This mechanism of consensus-building is also exemplified in an interview given by the president of St Demetrios, one of the communities located in the Evinos River valley. The president produced a long list of problems that the Evinos project would cause for the local people and the local environment: the expropriation of land with low—and, often, delayed—financial compensation; the loss of water for the area; the continuous dynamite explosions and dust local communities would have to endure for several years; and the negative impact of the dam on the area's flora and fauna. Yet he concludes by saying: "We [the local community] would be happy to consent to the implementation of the project, provided that we, as well, got something out of it" (Newspaper Ta Nea, 12 June 1993). This phrase captures the "naturalization" of the clientelist character of political and economic relations involved in the process of implementation of big infrastructure projects. It also indicates how the promise of development becomes part of a consensus-generating mechanism. The response given by A.Karamanlis, the then Minister of Environment, Planning and Public Works, when questioned in Parliament about the estimated environmental and social impact of the dam project, reveals a similar position:

I don't think that the water taken from Aetoloakarnania [the valley area of the Evinos River] is really depriving the area of this resource. In any case, the projects that are implemented there profit not only half of the population of Greece who live in Athens, but also the inhabitants of that particular area themselves. We are not taking water at the expense of anyone. We make use of this water according to the letter of the law, in order to provide domestic water supply. It is our duty to do so, dear colleagues...[S]hould we have said instead to the Athenians (to all four million of them) "No, we shall not bring water from elsewhere; go away from Athens?" Is this what you would have wanted us to say?

(Proceedings, IB' Assembly of the Greek Parliament, 21 May 1993:7,035-7,036)

According to the minister's speech, the inhabitants of Aetoloakarnania had no choice, other than to consent to a project that would generate economic growth in their area. Of course, this kind of growth would be as short-lived as the construction period of the dam itself—the jobs and the "positive effects" would disappear as soon as the dam were completed. Again, however, the promise was made that the short-lived effects of this kind of development would be complemented by further funding (national or EU) that would ensure a continuous flow of projects and continuous local and national development. Similarly, when the mayor of Elatteia, a village in the area of the Evinos River valley, protested in a letter to the Minister of the Environment that the fields of the area had dried out due to the deviation of the area's water towards Athens, the government replied that the matter would be dealt with in due course, through further funding from the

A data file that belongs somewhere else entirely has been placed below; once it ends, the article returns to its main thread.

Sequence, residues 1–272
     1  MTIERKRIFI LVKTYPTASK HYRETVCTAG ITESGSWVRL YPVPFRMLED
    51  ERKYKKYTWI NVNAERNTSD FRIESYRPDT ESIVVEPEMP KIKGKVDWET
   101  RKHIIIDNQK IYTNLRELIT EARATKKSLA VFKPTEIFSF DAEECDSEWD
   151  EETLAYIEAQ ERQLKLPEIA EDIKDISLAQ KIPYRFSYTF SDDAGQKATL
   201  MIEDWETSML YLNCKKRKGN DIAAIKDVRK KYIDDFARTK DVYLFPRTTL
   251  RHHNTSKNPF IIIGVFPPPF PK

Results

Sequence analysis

Second EU Support Framework (1994-1999) (Proceedings, O0' Assembly of the Greek Parliament, 16 February 1993:4,112). Thus, the solution to social and environmental problems caused by progress was looked for in promises of further development. The only way to continue to reap positive effects from this kind of development was to ensure a continuous flow of funds, which would allow for a continuous flow of activities. As the management consultant of one of the biggest private construction companies in Greece (ATTI-KAT) put it:

The Greek choice for development is based on immediate and short-term efforts to implement the European Support Framework, by utilizing the funds provided ,..[T]he Greek construction industry is on the alert to respond to the implementation of the works with a high sense of responsibility.

(TEXNIKA 131, October 1997)

In an era of increasing environmental awareness, Greece subscribed to a politics and practice that paid lip service to environmental protection while remaining loyal to a practice of development through big infrastructure projects. Hence, the crisis generated by the drought very soon became constructed as a challenge to overcome through the implementation of new projects, generating the oxymoronic positioning of nature both as a potential source of crisis and as the prerequisite for development (Smith 1984). Within this framework, the contradiction between development and environmental protection is considered to be eased away through the right management and the application of remedial technology, or, in this particular case, through reaching even further outside the urban settlement in search of new "mineable" water. This way, the solution to an "environmental" problem moved, in effect, into the domain of expert discourse within the state apparatus (Hajer 1995), and the crisis that was constructed around the drought period worked as a hegemonic tool to justify policies towards further development (Keil and Desfor 1996; Gandy 1997; Swyngedouw 1997; 2004).